Stenson taking PGA preparation easy after hot streak


PITTSFORD, N.Y. – In running shoes and without a golf club in sight Henrik Stenson wandered his way about Oak Hill on Monday with all the urgency of a retiree waiting on an early bird special.

“Just had a stroll around. Checked out the lines and where to hit it,” Stenson said. “Just trying to conserve a bit of energy. I have a busy couple of days behind me so I figured I’d walk it once and then maybe play nine on Tuesday and Wednesday or maybe just 18 tomorrow.”

Seems about right that the hottest player in golf not named Tiger or Phil needed a slow-down day – turn off, tune out, check out.

Stenson’s fast track back into the top 15 in the world ranking began in the spring when he tied for eighth at Bay Hill and second to D.A. Points a week later at the Shell Houston Open to play his way into the top 50 (42nd) and earn a spot at the Masters.

Since then he’s played his way back onto the A-list of golf’s elite players, starting with his tie for third at the Scottish Open and consecutive runner-up finishes at the Open Championship to Phil Mickelson and last week’s WGC-Bridgestone Invitational to Tiger Woods.

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Not bad company for a player who bottomed out, statistically speaking, early last year when he ballooned to 230th in the world following a dismal 2011 on both sides of the Atlantic divide. He finished 166th in PGA Tour earnings in ’11 and 136th on Europe’s Race for Dubai money list.

Since those dark days, Stenson has climbed to 11th in the world ranking, the highest he’s been since March 2010, 12th on the FedEx Cup points list and first in European Tour earnings.

“I’ve made a great run in a month’s time at three of the biggest tournaments that we have,” he said at the PGA Championship. “That’s going to show up in the world ranking. That’s very pleasing.”

To truly gauge the climb it’s important to put the tumble in perspective.

Consider that in 2009 when he bombed 3-wood to victory at The Players Championship his resume already included a World Golf Championship (2007 Accenture-Match Play) and he was on the short list of players most likely to win their first major.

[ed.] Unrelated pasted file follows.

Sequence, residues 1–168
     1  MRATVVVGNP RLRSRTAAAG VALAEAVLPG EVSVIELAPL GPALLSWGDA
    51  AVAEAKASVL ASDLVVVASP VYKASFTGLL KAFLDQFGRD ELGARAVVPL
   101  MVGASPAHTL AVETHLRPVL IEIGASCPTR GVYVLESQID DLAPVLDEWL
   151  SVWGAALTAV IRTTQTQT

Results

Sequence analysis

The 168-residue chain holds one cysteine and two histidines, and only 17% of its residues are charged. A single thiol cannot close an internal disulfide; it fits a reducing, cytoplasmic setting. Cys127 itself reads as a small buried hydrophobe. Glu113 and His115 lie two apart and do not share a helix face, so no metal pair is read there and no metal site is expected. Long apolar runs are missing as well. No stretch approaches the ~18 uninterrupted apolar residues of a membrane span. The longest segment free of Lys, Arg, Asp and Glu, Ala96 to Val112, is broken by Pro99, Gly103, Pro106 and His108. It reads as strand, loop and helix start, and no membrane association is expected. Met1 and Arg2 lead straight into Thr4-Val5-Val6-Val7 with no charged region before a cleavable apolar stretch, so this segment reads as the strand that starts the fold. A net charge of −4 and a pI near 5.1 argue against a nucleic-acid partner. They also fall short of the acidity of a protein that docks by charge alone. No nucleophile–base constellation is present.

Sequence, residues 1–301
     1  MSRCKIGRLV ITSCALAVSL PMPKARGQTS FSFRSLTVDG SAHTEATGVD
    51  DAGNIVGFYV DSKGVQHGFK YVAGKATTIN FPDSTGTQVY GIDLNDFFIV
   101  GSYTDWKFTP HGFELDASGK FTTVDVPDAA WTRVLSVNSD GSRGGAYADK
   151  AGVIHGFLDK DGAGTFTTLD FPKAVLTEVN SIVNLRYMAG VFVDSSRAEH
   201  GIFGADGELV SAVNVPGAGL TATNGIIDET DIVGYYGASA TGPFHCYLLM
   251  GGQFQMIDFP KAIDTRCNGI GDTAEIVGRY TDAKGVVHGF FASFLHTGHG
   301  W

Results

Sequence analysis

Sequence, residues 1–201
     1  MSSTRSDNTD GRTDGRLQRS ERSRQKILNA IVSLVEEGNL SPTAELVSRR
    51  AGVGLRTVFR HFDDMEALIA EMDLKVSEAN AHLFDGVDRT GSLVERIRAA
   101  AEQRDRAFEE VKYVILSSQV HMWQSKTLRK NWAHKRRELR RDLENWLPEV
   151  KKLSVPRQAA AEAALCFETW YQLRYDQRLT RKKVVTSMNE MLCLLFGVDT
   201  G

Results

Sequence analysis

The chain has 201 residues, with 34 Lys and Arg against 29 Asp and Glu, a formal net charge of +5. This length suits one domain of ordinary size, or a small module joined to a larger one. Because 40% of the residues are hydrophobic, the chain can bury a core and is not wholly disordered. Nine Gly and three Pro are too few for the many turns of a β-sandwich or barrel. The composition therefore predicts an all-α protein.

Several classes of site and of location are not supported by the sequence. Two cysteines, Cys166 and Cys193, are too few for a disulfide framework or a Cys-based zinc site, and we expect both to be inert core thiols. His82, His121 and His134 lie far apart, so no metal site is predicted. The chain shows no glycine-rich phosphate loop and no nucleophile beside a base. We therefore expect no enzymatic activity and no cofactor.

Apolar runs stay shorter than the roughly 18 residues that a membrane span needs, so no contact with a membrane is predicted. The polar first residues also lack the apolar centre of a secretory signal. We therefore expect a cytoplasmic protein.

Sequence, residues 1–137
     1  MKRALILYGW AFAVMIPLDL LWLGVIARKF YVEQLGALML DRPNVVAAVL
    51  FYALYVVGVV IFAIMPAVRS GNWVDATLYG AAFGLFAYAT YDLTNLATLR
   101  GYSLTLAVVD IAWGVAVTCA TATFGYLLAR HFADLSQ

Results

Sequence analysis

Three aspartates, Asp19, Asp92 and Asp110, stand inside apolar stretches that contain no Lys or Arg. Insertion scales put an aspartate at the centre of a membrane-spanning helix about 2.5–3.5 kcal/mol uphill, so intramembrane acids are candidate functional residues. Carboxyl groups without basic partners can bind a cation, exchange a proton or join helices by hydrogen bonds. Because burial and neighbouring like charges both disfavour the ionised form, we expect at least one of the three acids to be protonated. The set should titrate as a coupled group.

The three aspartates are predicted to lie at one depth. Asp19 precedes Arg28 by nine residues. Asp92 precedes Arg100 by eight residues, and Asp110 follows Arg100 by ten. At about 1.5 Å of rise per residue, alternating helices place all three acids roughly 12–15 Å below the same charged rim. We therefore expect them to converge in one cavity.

He came close in 2008 at the Open Championship (T-3) and was a distant third in 2010 at St. Andrews, but that’s when things started to become difficult for the Iceman. Hitting fairways became a challenge (in 2011 he ranked 163rd on Tour in driving accuracy) and he failed to qualify for the 2010 and ’12 European Ryder Cup teams.

Slowly, methodically, he made his way back to relevancy. No short cuts, no quick fixes, just hard work and the belief that the talent remained unchanged, only the methods needed to be adjusted.

“It’s been a long-time progress, long-time work that’s paying off. You never know when you’re going to get it. Obviously, I’ve got a lot in one month here but there’s no point in being satisfied. I have things that I’m working on and trying to improve,” Stenson said. “It’s just nice to be back to where I know I can be when I’m playing well.”

Still, Stenson said with a piercing glare, “work in progress.”

In practical terms, Stenson’s play – specifically over the last month – has had the added benefit of solidifying his schedule for not just the rest of this season but for 2014 as well.

He plans to play all four FedEx Cup playoff events before taking a month off to rest for his season-ending push in Europe – a run that will include six events in seven weeks with stops in Dubai, Asia and Turkey.

The hardest part of Stenson’s run has been finding ways to conserve his energy now that competitive demands have supplanted professional necessity.

“It’s very pleasing to make that push because at the end of last year, I played two in Europe, then straight to Sea Island (McGladrey Classic in Georgia), then Shanghai. It took me like six days to find my head after that one,” he said. “When you’re jumping across the world with six-hour time differences it’s easy to watch from home. Sooner or later you’re paying a price for that.”

Right up there with jetlag among life’s certainties was Stenson’s belief that his competitive swoon would not last, talent and determination have a way of making certain of that. He just made it look as easy as a Monday stroll around Oak Hill.